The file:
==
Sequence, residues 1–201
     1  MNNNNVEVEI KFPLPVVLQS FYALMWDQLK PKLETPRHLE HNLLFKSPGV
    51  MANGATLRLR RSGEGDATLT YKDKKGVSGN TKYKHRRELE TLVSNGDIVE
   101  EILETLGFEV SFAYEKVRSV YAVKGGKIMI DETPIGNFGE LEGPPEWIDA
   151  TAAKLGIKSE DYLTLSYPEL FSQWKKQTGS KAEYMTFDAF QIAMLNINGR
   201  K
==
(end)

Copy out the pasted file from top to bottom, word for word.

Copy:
Sequence, residues 1–201
     1  MNNNNVEVEI KFPLPVVLQS FYALMWDQLK PKLETPRHLE HNLLFKSPGV
    51  MANGATLRLR RSGEGDATLT YKDKKGVSGN TKYKHRRELE TLVSNGDIVE
   101  EILETLGFEV SFAYEKVRSV YAVKGGKIMI DETPIGNFGE LEGPPEWIDA
   151  TAAKLGIKSE DYLTLSYPEL FSQWKKQTGS KAEYMTFDAF QIAMLNINGR
   201  K